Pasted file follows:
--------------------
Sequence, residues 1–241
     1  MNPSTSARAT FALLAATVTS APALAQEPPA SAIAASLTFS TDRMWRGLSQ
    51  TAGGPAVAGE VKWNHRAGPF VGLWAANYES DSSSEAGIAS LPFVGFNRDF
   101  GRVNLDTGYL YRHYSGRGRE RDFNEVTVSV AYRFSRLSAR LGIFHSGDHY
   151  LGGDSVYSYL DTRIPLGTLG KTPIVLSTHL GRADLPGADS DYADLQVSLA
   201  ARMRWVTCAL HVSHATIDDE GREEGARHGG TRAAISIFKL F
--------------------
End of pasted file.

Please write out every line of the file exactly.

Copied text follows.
Sequence, residues 1–241
     1  MNPSTSARAT FALLAATVTS APALAQEPPA SAIAASLTFS TDRMWRGLSQ
    51  TAGGPAVAGE VKWNHRAGPF VGLWAANYES DSSSEAGIAS LPFVGFNRDF
   101  GRVNLDTGYL YRHYSGRGRE RDFNEVTVSV AYRFSRLSAR LGIFHSGDHY
   151  LGGDSVYSYL DTRIPLGTLG KTPIVLSTHL GRADLPGADS DYADLQVSLA
   201  ARMRWVTCAL HVSHATIDDE GREEGARHGG TRAAISIFKL F